Collaborative Law: An Alternative Method to Resolve Divorce, Custody and Support

March 11, 2010

When I became an attorney, I never imagined that I would actually look for ways to help clients stay out of the courtroom. After all, one of the reasons the legal profession interested me was that I could argue and advocate for clients in court (an ’80s child, I admittedly watched too much L.A. Law).

At any rate, since I entered private practice nearly 9 years ago, I have met with hundreds of people about their options for divorcing. It’s not uncommon for someone to come in to my office for an initial consultation and tell me that they would like to divorce and resolve related issues like custody, child support and spousal support without going to court. Even with the best legal representation, litigation can be an uncertain and frightening experience. It’s simply not the right choice for everyone or every family. I wanted to be able to provide an option to those clients who are weary of litigation and believe they can work out a solution without the need for court intervention. For that reason, I recently became trained to practice the collaborative method, or what’s familiarly called "Collaborative Law".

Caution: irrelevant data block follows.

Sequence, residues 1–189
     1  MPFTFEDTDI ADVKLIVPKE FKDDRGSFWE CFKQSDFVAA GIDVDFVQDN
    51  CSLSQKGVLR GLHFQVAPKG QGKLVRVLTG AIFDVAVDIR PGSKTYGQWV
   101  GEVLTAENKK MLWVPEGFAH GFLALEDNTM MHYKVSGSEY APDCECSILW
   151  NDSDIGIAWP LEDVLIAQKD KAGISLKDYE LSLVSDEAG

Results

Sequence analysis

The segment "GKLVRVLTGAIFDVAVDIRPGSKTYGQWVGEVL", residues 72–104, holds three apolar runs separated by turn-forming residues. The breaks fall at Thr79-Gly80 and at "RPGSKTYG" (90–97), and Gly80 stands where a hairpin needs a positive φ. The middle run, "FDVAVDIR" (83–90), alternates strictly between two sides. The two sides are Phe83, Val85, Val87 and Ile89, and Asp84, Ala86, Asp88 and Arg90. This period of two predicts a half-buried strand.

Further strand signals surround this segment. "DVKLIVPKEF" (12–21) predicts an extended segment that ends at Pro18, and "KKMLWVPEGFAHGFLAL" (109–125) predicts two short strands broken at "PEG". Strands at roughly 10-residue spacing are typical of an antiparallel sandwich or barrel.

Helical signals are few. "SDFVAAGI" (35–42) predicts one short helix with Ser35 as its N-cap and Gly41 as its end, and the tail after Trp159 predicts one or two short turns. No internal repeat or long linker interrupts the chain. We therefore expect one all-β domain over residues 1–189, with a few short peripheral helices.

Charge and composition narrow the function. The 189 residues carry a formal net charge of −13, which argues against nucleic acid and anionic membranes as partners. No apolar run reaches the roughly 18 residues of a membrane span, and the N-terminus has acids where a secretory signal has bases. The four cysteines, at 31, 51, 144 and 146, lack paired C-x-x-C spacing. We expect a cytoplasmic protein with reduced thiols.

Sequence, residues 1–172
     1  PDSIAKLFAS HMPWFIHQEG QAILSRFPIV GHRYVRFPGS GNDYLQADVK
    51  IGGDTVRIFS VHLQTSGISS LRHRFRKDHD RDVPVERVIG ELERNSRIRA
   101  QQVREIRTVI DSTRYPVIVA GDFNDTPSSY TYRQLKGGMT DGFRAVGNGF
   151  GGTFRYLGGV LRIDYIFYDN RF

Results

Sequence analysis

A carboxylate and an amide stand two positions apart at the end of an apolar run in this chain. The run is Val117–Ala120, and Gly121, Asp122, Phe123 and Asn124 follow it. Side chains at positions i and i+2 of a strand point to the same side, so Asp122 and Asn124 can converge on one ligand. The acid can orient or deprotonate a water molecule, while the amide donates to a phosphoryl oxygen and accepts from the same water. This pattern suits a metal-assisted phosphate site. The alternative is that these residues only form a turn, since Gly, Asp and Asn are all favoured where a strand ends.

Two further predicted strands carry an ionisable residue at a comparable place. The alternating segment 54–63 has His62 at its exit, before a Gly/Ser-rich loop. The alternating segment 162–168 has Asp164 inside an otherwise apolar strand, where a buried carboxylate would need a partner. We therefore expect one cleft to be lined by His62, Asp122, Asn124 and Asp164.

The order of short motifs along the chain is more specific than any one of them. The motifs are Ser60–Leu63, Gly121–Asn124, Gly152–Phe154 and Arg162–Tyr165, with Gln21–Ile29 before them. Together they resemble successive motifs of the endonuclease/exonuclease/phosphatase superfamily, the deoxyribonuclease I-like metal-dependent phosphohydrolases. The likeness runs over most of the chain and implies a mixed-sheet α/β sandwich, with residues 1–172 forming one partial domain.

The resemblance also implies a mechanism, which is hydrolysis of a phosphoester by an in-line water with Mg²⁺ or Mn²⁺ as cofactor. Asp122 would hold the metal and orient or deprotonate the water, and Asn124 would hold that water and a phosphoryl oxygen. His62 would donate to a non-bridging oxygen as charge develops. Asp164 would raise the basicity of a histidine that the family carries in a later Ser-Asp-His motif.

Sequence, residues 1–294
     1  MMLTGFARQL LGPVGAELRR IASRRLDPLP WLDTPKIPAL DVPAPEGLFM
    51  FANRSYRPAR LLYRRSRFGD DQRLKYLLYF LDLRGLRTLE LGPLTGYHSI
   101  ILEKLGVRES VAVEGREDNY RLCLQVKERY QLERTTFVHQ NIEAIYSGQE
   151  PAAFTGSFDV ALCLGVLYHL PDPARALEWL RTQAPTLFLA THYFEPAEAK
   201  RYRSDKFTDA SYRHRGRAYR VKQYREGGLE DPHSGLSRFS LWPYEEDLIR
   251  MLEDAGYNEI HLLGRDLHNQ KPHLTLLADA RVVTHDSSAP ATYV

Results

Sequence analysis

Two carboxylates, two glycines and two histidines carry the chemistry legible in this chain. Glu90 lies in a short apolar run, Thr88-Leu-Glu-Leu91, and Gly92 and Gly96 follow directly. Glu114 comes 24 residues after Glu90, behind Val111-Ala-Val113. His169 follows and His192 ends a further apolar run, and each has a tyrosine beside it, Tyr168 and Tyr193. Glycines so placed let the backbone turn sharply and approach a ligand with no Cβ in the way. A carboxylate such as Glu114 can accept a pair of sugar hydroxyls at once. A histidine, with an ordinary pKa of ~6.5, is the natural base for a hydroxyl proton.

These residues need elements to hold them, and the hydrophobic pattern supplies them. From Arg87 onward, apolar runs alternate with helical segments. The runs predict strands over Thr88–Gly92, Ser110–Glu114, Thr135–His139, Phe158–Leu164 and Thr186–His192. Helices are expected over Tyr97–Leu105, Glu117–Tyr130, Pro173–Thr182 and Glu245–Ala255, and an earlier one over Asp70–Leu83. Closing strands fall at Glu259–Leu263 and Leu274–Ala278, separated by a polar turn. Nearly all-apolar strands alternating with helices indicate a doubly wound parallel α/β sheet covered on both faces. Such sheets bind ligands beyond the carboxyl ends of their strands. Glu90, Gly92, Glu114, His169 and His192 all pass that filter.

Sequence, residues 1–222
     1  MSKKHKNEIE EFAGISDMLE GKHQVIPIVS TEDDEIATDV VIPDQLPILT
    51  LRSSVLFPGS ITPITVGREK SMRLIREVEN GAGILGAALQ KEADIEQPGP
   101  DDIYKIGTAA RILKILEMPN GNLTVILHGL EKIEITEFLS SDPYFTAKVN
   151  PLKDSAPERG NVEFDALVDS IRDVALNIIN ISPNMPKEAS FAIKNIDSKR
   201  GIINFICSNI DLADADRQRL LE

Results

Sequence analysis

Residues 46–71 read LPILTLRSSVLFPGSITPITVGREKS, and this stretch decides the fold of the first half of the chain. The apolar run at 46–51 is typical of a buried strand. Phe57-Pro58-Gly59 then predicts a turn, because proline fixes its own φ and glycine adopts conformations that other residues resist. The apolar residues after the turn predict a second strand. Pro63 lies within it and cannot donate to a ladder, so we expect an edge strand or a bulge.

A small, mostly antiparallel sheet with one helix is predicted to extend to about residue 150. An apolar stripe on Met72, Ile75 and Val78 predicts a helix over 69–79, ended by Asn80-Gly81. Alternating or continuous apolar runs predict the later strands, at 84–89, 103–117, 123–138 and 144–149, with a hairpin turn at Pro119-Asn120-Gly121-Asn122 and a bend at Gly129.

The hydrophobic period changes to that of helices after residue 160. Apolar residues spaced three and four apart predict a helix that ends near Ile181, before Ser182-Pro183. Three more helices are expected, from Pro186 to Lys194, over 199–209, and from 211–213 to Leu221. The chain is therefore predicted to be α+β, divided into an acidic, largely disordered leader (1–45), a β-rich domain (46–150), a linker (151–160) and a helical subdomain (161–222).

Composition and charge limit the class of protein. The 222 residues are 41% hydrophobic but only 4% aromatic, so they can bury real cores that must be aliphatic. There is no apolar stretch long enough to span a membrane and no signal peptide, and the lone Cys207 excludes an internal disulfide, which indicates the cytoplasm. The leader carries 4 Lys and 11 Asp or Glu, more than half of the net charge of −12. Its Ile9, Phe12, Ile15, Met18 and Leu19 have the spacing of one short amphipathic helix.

The hallmark of a collaborative case is a Participation Agreement, which is a written agreement where both parties commit to resolve the matter outside of court. Each client has his or her own attorney to help them through the process, providing advice about options and creative solutions for moving forward. If necessary, a financial expert and family specialist (often a psychologist) will help the family work through asset valuation or custody issues. The goal of the collaborative model is to reduce the conflict within a family so that at the conclusion of the divorce, the parties can move on with their lives without some of the emotional and financial harm that can sometimes occur during the traditional litigation model.

To date, Collaborative Law is still a relatively new option for Lancaster County residents to pursue. It is my hope that by educating clients and other professionals including, attorneys, financial experts and family therapists, Collaborative Law will offer an additional option clients can utilize to reach constructive agreements about the dissolution of their marriage.

In the next few weeks I will be posting additional articles covering Collaborative Law in more detail.